Sexism & Gender Neutrality – Editor Notes

Notes from the Editor – April 2016

Using the singular “they” for gender neutrality

English does not have a generic third-person pronoun, unlike, for instance, Turkish. This poses a problem when the person we refer to can be a male or a female. In the past, it was common to use pronouns he, him, and his when referring to persons of either sex. But “he” is no longer accepted as a generic pronoun; on the contrary, it is viewed as sexist because it excludes women and encourages sex-role stereotyping. It has become common to substitute the third-person plural pronouns they, them, their, and themselves.

Using “he or she” and “his or her” is another solution adopted by many. Overusing it, however, creates wordy constructions and this is certainly something we try to avoid.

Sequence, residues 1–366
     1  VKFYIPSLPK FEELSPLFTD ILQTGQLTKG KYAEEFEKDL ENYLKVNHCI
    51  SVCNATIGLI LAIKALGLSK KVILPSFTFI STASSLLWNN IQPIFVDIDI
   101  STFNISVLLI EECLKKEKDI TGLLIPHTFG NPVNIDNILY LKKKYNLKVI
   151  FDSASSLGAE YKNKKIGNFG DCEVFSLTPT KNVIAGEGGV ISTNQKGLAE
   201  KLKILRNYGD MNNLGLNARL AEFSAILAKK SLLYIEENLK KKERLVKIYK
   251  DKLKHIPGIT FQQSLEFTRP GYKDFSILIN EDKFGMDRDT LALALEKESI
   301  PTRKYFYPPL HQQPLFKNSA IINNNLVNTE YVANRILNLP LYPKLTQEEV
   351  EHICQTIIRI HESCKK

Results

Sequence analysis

Let’s look at the example below and see how we can revise the sexist language to make it gender neutral, while eliminating wordiness. As you will see, we can even recast the sentence to avoid using any pronoun.

Sexist
A good designer chooses her projects carefully.

Acceptable but wordy
A good designer chooses his or her projects carefully.

Better: using the plural
Good designers choose their projects carefully.

Better: recasting the sentence
A good designer chooses projects carefully.

 

Sources
Rules for Writers, Sixth Edition, Diana Hacker, 2009
The Chicago Manual of Style, 16th Edition, 2010
English Style Guide, European Commission Directorate-General for Translation, 2011

 

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